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The app for everything - This is what the "passport of the next generation" looks like

The fact that the International Tourism Exchange ITB in Berlin only welcomes trade visitors this year is a pity in more ways than one.

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The app for everything - This is what the "passport of the next generation" looks like

The fact that the International Tourism Exchange ITB in Berlin only welcomes trade visitors this year is a pity in more ways than one. Health Minister Karl Lauterbach, for example, could learn a few things from there for the digital medical record, which he wants to make the standard in the coming year: the tourism industry already has something similar.

All information in one app: passport, visa, flight tickets, vaccination certificates. And in the hotel? Simply march past the check-in and open the room door with your cell phone. The travel startup NeoKe is preparing to provide all users with their own “digital tourist identity”.

The digital twin of the traveler checks in everywhere before departure, takes care of all the formalities in advance - and in this way enables the real person to skip any queue later.

The young company NeoKe is one of the stars of the travel tech scene who are presenting their vision of the future of travel at the ITB. A cell phone screen filled with more than 20 different travel apps will soon be a thing of the past, the NeoKe founders promise.

Planning, comparing prices, booking tickets, accounting, putting your travel diary online. What the ex-managers of the world's leading booking portal promise with their "next generation passport" would probably make a long-cherished dream come true, especially for business travellers.

For three years, the ITB was only available online. During the Corona break, the managers around trade fair boss David Ruetz tried everything imaginable to shift the experience of the world's largest travel trade fair to the Internet as best as possible. The fireworks of new digital formats, streamed congresses and country presentations kept the ITB brand alive.

But the ITB travel trade fair – like travel itself – has always relied on personal contact, says Ruetz: “You can’t shake hands digitally – now is the time for the traditional family reunion in the travel industry.”

But digitization is driving the travel business even faster than before the pandemic. According to a representative survey by the Research Association for Holidays and Travel (FUR), more than half of Germans booked their holidays online for the first time last year: The number of online bookers even jumped significantly from 44 to 51 percent. While nothing else is known on the Scandinavian market, for Germany, the country of travel agencies, change is coming faster than expected.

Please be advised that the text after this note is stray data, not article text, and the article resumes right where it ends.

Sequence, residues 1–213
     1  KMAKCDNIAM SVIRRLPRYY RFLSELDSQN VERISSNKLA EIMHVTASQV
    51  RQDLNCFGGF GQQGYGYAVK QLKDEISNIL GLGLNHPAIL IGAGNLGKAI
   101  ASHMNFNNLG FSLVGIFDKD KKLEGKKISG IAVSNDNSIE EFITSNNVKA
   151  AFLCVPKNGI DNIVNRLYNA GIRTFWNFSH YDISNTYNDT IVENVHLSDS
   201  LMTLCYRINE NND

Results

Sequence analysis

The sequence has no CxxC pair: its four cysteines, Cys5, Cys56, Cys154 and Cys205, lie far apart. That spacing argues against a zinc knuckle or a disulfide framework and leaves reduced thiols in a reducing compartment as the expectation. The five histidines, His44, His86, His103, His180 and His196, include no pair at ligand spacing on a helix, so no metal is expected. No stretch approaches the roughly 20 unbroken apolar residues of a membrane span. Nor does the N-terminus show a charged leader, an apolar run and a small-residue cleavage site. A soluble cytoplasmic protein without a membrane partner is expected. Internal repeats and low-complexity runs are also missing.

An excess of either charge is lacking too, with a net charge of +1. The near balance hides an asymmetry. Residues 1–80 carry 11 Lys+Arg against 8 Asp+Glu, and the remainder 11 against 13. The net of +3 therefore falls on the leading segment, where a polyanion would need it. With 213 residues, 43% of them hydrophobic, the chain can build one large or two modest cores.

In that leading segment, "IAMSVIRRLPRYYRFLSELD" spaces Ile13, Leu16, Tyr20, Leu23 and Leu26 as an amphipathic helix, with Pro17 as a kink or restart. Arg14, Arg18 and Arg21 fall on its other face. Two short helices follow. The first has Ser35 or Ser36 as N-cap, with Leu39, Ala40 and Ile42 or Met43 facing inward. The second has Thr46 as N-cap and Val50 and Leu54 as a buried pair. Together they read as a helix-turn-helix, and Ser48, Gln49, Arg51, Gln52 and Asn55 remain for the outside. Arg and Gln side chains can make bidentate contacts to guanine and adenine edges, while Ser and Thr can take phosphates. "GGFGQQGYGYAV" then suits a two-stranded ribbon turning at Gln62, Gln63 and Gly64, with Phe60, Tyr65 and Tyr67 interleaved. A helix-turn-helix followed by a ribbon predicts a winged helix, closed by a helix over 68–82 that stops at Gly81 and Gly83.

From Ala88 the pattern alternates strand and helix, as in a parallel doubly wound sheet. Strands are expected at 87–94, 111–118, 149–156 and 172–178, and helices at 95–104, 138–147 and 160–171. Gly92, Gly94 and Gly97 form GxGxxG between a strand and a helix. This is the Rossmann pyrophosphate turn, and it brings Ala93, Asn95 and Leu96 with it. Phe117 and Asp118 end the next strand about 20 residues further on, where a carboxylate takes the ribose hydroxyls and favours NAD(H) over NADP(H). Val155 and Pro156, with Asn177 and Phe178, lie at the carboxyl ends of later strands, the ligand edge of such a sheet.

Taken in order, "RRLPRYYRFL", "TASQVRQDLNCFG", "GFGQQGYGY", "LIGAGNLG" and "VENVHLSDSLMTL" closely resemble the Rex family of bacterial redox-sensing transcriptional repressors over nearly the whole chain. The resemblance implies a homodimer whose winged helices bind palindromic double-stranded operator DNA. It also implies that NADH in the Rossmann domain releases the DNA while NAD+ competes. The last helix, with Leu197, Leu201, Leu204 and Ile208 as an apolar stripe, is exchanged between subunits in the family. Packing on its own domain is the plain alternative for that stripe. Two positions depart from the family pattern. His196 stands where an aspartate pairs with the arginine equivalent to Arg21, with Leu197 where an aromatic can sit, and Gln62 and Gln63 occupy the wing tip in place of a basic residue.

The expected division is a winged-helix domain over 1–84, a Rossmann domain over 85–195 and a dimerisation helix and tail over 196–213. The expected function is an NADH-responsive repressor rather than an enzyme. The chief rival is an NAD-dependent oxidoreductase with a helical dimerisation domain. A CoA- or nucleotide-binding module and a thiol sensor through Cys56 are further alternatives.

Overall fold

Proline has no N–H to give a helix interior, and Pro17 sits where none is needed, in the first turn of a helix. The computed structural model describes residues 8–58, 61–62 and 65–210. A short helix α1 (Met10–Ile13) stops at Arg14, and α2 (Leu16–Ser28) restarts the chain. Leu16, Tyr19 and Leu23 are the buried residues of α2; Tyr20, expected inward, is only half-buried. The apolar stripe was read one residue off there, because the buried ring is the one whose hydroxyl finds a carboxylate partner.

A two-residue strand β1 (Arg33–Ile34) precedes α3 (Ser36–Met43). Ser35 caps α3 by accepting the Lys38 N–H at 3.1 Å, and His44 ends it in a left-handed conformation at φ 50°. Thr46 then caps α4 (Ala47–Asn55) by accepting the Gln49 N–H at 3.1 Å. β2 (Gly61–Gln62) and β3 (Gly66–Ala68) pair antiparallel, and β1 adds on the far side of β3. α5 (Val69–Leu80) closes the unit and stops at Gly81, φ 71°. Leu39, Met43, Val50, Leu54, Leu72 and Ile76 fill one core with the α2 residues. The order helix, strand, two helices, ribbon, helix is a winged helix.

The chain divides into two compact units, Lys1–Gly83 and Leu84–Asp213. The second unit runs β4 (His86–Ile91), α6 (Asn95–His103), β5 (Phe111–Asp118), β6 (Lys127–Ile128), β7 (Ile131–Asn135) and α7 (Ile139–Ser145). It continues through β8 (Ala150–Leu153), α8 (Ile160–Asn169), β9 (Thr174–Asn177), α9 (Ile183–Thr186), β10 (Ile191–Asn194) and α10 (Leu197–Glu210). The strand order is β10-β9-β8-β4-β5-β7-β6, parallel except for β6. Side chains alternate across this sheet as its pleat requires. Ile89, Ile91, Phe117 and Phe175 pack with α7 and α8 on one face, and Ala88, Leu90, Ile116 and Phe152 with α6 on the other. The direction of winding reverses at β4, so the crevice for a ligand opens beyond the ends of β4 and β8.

This is also reflected in the stronger presence and the changed appearance of the large "Online Travel Agents" (OTA) at the trade fair: Airbnb Germany is presenting itself for the first time at the ITB with its own stand. And the portal, which in the Virtually nothing is passed by the travel business any more, also shows that in the future it wants to be more than just a brokerage platform.

However, many of the tech companies that are bustling about at the fair offer services that holidaymakers themselves only benefit from indirectly: It’s mostly about putting together holiday packages, their automatic organization, processing and billing, so to speak, in the machine room of the travel industry . The latest trend in the tech scene, the chatbot "Chat GPT", is also driving the travel scene.

The artificial intelligence, which chats in an entertaining and intelligent way, provides information, collects data and processes it in a comprehensible way, has abilities that "extend far beyond what Google and other search engines have been offering for years", the tourism trade magazine fvw states: " Tourism application options range from the automation of repetitive tasks to target group-specific predictions of travel behavior.”

Whether the best chatbot in the world can complement or even replace human contact with the advisor in the travel agency or the call center is a question that is likely to be on the minds of many experts at the trade fair. In any case, the ITB has not lost any of its relevance and appeal during the Corona years: with 5500 exhibitors from 161 countries, it is almost as international as in 2019.

At that time, around 10,000 exhibitors from 181 countries presented their products and services to around 160,000 visitors, including 113,500 trade visitors. Russia's travel industry is not represented because of the sanctions in the Ukraine war, and Iran is also missing.

However, the Ukraine is already recommended as a future tourist destination. The preparation time was too short for exhibitors from China, which only relaxed the corona restrictions a few months ago.

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